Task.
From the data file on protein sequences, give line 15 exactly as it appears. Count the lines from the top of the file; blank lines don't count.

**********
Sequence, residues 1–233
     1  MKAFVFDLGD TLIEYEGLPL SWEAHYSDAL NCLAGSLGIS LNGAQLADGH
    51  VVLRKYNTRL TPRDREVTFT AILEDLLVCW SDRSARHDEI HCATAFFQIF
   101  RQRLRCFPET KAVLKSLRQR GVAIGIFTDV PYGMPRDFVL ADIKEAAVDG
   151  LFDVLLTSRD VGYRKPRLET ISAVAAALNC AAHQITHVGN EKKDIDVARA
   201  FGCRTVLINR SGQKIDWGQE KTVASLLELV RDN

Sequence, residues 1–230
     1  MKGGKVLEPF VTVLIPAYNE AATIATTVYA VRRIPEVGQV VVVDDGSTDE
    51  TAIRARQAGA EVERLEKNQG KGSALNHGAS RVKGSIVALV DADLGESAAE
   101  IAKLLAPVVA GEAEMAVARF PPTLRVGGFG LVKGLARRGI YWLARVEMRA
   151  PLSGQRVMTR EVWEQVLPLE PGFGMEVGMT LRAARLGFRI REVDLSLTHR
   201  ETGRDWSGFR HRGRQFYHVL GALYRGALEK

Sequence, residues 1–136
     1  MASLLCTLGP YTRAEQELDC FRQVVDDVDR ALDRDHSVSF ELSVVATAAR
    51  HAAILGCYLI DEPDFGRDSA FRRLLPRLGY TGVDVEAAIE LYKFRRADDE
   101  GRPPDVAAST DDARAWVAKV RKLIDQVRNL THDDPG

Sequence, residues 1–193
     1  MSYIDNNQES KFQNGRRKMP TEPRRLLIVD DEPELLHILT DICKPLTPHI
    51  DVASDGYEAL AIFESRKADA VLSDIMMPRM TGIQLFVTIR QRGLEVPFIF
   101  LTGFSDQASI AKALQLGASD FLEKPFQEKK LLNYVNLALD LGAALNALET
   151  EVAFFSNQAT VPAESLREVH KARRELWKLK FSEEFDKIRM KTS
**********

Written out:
    51  HAAILGCYLI DEPDFGRDSA FRRLLPRLGY TGVDVEAAIE LYKFRRADDE